So these are my favorite 2 - REUSE and REPURPOSE!
When I was growing up, it was a real treat to get new clothes for back to school. Usually, I had hand-me-downs of some sort. Same for school supplies - if the crayons were still in good shape, the colored pencils still able to be sharpened, and we knew where the scissors were, we didn't get new. We reused.
Our local public school district started its school year this past Wednesday, and as I've listened to some of the moms in our area, they are all lamenting the costs associated with the new school year. Many of them spending hundreds of dollars just to send a couple kids. Everyone needed new shoes (regular and gym shoes), all new supplies, and practically a whole new wardrobe. And at this point of the story, I ask "need?". I know kids are constantly growing, and their sizes change quickly. Trust me, I'm an expert on this - I have a teen-aged son! But a whole new wardrobe? Or nearly so? Seriously.
These same parents often complain about the amount of crayons and pieces and other school supplies they have at their house that nobody uses. Why? Aren't they good enough to go back to school a second or even possibly a third year?
And what kind of lesson are we teaching this generation of youngsters about being wise and frugal consumers?
The best way to save money, hands down, after you've RETHOUGHT and REDUCED is to REUSE and REPURPOSE!
We've done lots of fun projects here over the last several months by reusing or repurposing what we have on hand. Everything from scraps of fabric to bed sheets and pillowcases to old jeans that are too holey to wear.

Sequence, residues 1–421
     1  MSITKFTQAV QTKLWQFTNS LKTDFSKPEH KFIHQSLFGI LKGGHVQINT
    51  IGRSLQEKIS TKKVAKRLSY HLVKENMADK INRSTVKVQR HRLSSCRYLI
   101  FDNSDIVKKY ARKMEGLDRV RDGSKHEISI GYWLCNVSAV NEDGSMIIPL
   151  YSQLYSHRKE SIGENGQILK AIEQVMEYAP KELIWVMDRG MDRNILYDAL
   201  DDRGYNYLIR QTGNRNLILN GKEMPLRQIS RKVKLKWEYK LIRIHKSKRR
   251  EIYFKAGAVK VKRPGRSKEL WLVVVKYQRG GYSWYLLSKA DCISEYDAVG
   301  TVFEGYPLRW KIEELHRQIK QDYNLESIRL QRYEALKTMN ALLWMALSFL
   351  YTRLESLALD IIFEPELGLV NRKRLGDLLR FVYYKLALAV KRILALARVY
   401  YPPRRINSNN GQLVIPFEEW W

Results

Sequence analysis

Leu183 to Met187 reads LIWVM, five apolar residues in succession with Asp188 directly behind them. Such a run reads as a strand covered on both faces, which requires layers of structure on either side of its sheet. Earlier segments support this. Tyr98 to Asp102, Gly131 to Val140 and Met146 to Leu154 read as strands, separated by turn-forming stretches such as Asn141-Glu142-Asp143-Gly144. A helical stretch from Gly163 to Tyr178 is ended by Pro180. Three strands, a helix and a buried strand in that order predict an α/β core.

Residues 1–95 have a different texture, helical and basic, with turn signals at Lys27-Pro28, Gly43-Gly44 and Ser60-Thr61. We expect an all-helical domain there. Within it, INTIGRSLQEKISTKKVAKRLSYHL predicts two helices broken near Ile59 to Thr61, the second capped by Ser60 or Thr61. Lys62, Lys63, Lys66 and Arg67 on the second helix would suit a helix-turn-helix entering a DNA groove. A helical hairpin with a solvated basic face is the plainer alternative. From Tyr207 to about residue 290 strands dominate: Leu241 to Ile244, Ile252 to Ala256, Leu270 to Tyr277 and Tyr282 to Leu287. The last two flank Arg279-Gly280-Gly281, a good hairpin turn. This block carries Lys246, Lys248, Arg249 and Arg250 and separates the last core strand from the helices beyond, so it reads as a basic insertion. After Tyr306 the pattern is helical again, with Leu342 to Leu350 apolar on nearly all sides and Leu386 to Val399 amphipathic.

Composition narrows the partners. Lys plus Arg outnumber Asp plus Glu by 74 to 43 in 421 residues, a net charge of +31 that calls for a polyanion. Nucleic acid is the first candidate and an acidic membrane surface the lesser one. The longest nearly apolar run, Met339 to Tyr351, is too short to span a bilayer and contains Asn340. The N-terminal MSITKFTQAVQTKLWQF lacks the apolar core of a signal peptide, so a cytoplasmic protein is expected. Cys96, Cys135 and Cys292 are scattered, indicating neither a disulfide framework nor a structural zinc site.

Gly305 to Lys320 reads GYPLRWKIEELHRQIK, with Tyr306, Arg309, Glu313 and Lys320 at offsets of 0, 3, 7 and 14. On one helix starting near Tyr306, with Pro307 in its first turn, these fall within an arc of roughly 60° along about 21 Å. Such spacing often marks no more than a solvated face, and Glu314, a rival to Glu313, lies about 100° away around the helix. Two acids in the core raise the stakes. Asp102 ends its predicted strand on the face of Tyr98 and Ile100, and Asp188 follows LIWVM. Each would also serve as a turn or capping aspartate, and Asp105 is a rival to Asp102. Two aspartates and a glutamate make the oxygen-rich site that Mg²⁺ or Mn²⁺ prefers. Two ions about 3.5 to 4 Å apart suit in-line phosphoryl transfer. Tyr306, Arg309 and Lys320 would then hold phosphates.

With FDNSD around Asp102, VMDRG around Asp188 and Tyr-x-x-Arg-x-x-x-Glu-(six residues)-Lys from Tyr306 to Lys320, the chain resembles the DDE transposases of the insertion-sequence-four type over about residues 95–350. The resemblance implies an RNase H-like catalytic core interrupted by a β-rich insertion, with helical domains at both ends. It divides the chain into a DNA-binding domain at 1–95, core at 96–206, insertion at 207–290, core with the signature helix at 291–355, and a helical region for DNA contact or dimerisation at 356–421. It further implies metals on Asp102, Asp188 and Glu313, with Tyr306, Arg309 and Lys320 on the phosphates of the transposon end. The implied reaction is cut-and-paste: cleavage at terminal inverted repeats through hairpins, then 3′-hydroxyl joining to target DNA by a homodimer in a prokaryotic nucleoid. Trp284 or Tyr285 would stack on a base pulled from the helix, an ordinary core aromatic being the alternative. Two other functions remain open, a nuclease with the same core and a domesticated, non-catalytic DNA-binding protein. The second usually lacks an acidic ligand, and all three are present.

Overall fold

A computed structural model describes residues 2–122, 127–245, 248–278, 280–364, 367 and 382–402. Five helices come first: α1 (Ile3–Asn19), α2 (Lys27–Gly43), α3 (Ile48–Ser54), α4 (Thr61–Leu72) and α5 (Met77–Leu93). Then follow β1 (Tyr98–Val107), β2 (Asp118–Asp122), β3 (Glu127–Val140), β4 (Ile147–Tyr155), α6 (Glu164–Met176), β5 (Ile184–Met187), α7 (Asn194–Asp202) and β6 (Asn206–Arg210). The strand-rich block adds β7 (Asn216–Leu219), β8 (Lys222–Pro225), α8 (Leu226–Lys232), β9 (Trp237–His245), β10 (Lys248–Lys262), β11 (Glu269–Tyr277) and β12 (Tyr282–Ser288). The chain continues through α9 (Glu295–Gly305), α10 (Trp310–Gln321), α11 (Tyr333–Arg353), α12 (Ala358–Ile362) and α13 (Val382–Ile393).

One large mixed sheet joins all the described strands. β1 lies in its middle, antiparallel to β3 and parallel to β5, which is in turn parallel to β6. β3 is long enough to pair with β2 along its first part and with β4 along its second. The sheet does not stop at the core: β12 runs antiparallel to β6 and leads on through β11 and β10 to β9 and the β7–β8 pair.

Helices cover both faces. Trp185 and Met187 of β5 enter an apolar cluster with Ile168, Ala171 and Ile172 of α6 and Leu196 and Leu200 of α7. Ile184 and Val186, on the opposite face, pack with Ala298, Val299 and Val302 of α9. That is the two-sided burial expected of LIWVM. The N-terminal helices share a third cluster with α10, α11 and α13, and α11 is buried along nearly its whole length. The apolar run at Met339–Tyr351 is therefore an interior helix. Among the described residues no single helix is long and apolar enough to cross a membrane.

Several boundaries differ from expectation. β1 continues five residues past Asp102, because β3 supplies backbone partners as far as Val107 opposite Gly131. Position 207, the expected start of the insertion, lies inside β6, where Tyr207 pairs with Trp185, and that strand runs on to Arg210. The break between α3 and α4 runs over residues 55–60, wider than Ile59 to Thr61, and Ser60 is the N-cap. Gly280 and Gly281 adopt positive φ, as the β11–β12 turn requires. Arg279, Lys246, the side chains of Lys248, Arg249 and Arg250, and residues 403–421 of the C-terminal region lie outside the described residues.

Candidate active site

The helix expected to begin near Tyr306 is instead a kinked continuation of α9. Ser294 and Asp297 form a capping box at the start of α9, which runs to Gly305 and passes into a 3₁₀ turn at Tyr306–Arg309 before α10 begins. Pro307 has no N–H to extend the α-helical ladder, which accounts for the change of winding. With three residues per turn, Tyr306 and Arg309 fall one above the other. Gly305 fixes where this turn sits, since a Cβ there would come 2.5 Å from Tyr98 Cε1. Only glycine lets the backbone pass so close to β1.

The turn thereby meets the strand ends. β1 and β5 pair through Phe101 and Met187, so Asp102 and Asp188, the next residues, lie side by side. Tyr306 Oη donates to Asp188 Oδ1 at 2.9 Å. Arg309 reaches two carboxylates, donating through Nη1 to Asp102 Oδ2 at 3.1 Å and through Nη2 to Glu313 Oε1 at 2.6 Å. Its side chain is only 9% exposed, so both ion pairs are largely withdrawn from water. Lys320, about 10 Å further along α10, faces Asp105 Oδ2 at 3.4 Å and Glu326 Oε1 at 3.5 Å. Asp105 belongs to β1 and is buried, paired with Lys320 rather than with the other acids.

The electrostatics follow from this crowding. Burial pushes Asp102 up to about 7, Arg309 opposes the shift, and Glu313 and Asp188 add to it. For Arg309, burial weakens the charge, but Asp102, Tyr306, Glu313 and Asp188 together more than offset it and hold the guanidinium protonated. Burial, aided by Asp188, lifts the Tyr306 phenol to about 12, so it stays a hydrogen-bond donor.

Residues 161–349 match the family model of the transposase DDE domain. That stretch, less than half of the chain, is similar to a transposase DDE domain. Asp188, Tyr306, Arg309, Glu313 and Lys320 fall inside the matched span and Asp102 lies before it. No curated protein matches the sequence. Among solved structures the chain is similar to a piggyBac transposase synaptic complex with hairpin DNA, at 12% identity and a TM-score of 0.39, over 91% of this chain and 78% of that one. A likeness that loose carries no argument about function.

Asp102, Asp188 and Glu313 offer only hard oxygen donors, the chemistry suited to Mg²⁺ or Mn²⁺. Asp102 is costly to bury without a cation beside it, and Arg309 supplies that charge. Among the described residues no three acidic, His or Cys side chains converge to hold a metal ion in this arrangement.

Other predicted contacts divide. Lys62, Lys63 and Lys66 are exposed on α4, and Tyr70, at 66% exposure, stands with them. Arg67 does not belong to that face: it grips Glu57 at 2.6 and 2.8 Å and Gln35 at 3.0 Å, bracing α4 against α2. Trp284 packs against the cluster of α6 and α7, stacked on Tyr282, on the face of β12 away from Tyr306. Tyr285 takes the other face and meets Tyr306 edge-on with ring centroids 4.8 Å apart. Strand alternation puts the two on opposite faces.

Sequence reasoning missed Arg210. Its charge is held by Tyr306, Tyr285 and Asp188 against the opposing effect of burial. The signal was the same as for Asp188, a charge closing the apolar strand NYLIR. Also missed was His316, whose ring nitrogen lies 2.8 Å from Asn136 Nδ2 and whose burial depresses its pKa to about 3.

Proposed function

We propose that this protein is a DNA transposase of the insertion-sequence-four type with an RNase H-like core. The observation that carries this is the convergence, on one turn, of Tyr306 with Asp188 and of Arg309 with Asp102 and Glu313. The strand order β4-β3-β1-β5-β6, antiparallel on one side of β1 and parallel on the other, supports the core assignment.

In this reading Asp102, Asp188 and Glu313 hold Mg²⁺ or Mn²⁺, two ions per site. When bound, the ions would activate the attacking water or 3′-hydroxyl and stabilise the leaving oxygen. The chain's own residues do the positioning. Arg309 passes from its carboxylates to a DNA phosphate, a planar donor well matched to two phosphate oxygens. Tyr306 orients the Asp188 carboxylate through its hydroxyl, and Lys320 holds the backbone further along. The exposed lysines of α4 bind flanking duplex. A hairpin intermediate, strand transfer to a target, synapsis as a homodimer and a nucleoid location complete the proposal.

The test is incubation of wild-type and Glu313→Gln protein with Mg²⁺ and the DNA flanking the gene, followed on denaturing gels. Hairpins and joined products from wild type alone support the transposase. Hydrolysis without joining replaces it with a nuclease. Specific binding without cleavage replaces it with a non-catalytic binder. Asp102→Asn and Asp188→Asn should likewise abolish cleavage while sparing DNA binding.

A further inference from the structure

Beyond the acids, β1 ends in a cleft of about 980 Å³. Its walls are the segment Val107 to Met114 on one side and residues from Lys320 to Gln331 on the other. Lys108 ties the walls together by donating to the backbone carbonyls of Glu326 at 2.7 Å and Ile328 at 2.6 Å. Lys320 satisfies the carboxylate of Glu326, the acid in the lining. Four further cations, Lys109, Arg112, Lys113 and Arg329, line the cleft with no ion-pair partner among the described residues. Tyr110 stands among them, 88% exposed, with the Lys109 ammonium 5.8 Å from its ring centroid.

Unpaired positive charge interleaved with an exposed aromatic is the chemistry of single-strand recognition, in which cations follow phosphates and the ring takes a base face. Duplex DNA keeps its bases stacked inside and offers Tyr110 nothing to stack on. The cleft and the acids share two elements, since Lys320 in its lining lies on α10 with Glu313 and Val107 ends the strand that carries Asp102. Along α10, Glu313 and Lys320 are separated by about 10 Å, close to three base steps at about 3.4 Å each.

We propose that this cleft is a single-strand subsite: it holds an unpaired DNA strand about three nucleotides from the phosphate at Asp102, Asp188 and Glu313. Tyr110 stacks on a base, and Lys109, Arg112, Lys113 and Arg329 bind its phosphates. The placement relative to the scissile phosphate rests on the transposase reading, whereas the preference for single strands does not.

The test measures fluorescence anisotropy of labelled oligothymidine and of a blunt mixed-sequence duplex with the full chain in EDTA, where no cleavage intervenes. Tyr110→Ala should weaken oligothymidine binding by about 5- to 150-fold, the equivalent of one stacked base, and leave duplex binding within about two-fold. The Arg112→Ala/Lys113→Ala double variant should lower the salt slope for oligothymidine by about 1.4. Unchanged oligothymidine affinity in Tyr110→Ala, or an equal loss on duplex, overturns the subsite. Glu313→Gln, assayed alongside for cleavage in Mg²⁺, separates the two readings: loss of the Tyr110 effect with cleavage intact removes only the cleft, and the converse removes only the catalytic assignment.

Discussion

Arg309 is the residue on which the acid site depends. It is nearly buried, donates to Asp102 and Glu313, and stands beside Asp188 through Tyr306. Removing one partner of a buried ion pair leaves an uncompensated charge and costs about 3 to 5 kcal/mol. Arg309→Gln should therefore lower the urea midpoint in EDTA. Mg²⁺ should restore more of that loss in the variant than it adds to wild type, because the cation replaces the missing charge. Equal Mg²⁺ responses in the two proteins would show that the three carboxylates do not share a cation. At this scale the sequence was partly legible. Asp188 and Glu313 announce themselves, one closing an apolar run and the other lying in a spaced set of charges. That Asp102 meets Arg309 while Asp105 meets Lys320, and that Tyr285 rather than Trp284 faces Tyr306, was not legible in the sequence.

One of the best ideas I've ever heard and read about reusing is a neighborhood kids' clothes swap. That's right, not even money spent at a garage sale (which is still a great place to find bargains, don't get me wrong!). This is the old hand-me-down bag routine we had when I was a kid. One neighbor, who has older kids, passes their clothes along to someone with younger kids. If you'd like to repay your neighbor for their kindness, bake them some cupcakes. When the clothes get to the last child, they are donated to a local charity. Plain and simple.
If the clothes are worn out, find a way to repurpose them. Our great-grandmothers did this by making scrap quilts. Make yourself a scrap box, or two, or more depending on your needs. I have one for denim that has been graciously donated by friends and family, one for flannel shirts and flannel bedding that is past its prime but still has usable pieces, one for cotton-type fabrics like sewing scraps and plain cotton sheets and pillowcases that also still have some usable bits. To this I could easily add cotton dress shirts. I've also recently started a box for t-shirts and old sweat pants. I'll use these to make strips for yarn to be made into rugs. And did I mention, be sure to shop your stash before you buy new?
And don't forget that donate part for items that are still in good condition. With the economy the way it is, charities are really taking a beating financially. More and more folks are turning to resale shops run by these charities to save money. If you have something you can't personally reuse or repurpose, please find a way to give it to someone who can.
Shop your house and see what you can reuse or repurpose. Be creative, and you'll be amazed at what you can come up with!